Chef Andy Gray is rightly proud of the dishes he brings out of his kitchen at a Suffolk care home.
Aromatic salmon, tasty sausages and peas, flavoursome pork fillets and mash. They are all freshly prepared but there has been one important extra stage in the cooking process.
The ingredients have been blended down using a mixer and then re-formed using special moulds.
The result: tempting meals for people living with dementia who may have difficulty swallowing their food.
Mr Gray, 32, has been chef at Spring Lodge in Woolverstone, near Ipswich for 12 years and says the moulds have made a huge difference to residents’ enjoyment of food.
He said: “We currently have two residents who have difficulty swallowing but in the past we have had as many as 12.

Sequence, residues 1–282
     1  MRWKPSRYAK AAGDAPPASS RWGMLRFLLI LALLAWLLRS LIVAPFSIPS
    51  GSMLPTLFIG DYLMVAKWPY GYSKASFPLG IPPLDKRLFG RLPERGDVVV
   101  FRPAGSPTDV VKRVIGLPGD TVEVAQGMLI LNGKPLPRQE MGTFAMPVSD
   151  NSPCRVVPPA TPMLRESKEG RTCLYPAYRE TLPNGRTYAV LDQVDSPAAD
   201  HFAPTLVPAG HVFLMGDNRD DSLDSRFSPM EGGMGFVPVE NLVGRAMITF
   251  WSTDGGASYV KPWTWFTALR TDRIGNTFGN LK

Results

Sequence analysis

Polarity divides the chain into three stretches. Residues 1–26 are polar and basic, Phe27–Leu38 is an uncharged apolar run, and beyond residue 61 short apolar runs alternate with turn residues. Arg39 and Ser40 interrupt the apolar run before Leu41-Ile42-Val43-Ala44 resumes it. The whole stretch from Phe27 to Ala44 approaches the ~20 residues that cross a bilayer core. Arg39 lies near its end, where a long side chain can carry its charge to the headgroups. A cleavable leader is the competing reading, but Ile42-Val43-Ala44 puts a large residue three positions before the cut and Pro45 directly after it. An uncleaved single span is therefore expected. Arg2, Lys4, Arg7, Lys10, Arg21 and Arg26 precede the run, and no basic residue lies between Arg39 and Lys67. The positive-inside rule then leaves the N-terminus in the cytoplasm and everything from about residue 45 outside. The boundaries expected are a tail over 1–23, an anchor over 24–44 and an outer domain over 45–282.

“Previously we used ring moulds for pureed food, but that could look boring and unappetising.
“Thanks to my new moulds, people can eat pureed food that looks exactly the same as the meal being eaten by the person next to them. It maintains their dignity and respect.
“If they don’t like the look of the food then the residents may not touch it, so that is why it is so important.”
Mr Gray, who lives in nearby Shotley, said it gave him “an immense amount of pride to see residents enjoying their meals” at the Kingsley Healthcare run home.
He is still perfecting the new technique but said he had discovered that coating the moulds in coconut oil meant food came out of them in exactly the right shape.
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